2002 - Suddenly get P1430 code w/Check Engine Light

Discussion in 'Generation 1 Prius Discussion' started by TexomaEV, Aug 9, 2014.

  1. TexomaEV

    TexomaEV Member

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    Suddenly today, I get a "Check Engine" light while driving. Scangauge II says it's a P1430 error. I found two different suggestions, both of which I have no idea where these are located on the car. Any help, is greatly appreciated as you guys have always come through in the past.
    P1430-Electric Air Pump secondary Failure
    P1430 -Vacuum Sensor for Adsorber and Catalyst System Circuit Malfunction

     
  2. bwilson4web

    bwilson4web BMW i3 and Model 3

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    Gas cap seal?

    Bob Wilson
     
  3. ChapmanF

    ChapmanF Senior Member

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    The second choice (HCAC vacuum sensor) is correct, the first one about some air pump is off the wall and must be about some totally other car. Where were you looking that up?

    That sensor measures the vacuum in the circuit that operates the HCAC valve (in the exhaust pipe ahead of the catalytic converter). I'm not sure exactly where the sensor itself lives; page SF-50 is where you would look for the replacement instructions (but that's in my 2001 book, pages might be different for your 2003).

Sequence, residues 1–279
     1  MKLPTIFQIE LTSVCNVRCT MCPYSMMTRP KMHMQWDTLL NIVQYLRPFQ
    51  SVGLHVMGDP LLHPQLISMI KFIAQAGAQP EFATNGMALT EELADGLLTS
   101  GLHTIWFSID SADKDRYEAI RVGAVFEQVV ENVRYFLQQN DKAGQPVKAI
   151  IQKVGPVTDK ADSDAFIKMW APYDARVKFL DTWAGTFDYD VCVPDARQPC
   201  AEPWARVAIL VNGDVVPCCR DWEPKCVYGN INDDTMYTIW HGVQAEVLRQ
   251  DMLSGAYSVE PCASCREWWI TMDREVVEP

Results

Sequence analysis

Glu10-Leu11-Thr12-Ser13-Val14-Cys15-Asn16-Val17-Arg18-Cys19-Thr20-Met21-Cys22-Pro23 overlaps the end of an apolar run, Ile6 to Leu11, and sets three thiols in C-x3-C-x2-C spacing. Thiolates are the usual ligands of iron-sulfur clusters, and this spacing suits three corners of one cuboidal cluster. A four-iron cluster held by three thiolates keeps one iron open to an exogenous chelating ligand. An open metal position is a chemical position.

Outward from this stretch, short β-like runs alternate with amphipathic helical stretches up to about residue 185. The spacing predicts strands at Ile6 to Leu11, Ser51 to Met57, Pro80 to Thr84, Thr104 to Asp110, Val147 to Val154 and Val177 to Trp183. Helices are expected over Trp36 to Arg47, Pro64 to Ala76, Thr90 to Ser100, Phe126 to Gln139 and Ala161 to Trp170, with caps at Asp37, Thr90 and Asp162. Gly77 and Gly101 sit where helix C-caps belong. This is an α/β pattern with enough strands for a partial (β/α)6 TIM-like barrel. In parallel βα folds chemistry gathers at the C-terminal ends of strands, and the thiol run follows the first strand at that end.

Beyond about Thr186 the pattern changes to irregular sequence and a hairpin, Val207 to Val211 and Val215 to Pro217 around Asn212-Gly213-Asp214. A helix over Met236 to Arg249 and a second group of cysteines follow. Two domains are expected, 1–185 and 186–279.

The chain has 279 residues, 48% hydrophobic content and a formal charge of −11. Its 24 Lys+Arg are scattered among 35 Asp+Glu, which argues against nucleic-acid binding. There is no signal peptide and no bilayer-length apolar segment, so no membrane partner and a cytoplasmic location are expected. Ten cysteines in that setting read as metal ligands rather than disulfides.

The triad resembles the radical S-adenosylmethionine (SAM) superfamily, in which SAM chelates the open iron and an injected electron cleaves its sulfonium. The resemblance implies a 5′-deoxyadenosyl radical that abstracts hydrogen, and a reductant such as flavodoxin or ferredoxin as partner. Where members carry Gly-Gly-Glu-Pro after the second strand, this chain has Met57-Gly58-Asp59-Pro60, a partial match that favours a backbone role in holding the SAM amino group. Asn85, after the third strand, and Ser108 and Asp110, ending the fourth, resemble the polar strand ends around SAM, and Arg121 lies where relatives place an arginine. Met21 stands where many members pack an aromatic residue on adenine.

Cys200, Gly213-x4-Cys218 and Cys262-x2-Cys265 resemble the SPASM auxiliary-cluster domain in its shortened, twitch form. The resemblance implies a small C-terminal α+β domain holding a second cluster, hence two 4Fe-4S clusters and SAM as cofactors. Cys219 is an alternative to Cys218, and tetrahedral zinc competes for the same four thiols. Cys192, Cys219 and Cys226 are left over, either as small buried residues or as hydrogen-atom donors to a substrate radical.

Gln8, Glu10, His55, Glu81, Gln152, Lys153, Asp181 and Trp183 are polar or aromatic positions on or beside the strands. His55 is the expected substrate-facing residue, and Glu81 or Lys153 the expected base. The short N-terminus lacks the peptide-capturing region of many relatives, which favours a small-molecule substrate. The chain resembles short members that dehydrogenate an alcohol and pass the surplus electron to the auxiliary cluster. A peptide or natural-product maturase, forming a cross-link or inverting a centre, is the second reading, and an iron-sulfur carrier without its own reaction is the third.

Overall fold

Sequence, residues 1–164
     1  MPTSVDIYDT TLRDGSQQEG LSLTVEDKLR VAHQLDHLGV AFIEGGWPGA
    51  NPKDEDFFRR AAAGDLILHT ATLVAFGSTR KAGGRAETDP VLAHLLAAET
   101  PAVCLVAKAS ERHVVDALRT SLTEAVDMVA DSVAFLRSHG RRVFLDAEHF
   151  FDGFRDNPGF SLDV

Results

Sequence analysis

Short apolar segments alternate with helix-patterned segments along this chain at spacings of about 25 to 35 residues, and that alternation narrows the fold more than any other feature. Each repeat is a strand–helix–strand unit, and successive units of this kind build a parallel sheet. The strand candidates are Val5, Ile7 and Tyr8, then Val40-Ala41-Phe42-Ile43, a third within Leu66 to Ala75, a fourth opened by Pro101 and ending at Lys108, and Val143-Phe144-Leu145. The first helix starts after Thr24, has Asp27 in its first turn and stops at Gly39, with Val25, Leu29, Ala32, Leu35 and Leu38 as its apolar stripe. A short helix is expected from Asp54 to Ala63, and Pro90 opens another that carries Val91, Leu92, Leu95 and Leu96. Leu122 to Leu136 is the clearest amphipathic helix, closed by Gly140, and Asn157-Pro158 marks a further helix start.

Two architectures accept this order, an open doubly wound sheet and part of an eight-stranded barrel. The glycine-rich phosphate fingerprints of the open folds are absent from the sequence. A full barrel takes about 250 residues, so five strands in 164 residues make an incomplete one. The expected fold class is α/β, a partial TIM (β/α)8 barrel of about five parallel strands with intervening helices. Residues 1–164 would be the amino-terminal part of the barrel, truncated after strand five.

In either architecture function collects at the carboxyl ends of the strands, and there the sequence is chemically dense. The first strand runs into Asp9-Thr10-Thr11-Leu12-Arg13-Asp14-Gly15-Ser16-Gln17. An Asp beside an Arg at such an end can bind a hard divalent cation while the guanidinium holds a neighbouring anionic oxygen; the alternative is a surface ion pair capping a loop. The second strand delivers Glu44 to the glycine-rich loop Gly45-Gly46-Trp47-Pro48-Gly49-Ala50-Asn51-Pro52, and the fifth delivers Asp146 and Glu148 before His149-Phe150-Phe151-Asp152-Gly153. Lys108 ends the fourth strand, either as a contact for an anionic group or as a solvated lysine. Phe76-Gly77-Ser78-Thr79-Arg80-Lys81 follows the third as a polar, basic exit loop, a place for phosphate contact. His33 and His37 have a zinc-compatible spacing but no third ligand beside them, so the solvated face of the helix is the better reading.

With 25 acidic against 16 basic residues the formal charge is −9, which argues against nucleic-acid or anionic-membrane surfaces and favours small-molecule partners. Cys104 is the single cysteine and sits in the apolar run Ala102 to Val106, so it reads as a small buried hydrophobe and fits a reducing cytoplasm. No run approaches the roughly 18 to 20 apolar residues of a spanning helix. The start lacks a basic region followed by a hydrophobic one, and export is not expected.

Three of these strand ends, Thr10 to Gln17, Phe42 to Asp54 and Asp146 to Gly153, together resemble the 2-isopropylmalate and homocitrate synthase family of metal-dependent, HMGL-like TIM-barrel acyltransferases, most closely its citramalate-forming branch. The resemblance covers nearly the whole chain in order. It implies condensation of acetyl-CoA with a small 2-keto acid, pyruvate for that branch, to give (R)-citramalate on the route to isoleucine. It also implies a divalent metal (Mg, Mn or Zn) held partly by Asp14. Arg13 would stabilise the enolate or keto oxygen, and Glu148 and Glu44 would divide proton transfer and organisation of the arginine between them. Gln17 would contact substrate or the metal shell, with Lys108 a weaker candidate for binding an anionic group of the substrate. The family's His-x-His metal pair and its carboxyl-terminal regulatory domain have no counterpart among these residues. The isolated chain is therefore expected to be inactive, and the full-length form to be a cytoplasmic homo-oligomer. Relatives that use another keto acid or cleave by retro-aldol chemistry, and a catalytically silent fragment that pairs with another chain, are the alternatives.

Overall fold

Pages DI-127 to DI-130 (again, 2001 edition) show the diagnostic steps to sort out the possible causes. Basically they have you measure the sensor voltage back at the ECM itself (which is easy to get to behind the glove box). If the reference voltage being supplied to the sensor by the ECM isn't right, then they'll call the ECM the culprit. Otherwise, if the sense voltage coming back is reasonable, they'll call the sensor likely good, and the ECM still the culprit. If the sense voltage is wrong coming back, they'll have you check for wiring damage on the way to the sensor first, and then only if you find no wiring problem, by elimination the sensor is what's left.

    -Chap
     
  4. TexomaEV

    TexomaEV Member